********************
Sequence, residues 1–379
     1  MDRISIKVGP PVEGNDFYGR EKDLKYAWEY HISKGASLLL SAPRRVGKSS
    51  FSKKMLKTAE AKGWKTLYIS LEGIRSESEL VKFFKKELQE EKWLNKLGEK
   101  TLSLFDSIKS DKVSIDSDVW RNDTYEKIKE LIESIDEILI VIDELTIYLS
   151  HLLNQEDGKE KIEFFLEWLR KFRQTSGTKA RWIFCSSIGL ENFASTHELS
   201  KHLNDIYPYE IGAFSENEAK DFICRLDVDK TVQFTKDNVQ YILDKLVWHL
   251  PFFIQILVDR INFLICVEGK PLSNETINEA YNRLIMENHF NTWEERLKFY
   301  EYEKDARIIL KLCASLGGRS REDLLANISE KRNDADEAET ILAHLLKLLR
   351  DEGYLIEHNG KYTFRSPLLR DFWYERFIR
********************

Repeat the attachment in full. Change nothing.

Sequence, residues 1–379
     1  MDRISIKVGP PVEGNDFYGR EKDLKYAWEY HISKGASLLL SAPRRVGKSS
    51  FSKKMLKTAE AKGWKTLYIS LEGIRSESEL VKFFKKELQE EKWLNKLGEK
   101  TLSLFDSIKS DKVSIDSDVW RNDTYEKIKE LIESIDEILI VIDELTIYLS
   151  HLLNQEDGKE KIEFFLEWLR KFRQTSGTKA RWIFCSSIGL ENFASTHELS
   201  KHLNDIYPYE IGAFSENEAK DFICRLDVDK TVQFTKDNVQ YILDKLVWHL
   251  PFFIQILVDR INFLICVEGK PLSNETINEA YNRLIMENHF NTWEERLKFY
   301  EYEKDARIIL KLCASLGGRS REDLLANISE KRNDADEAET ILAHLLKLLR
   351  DEGYLIEHNG KYTFRSPLLR DFWYERFIR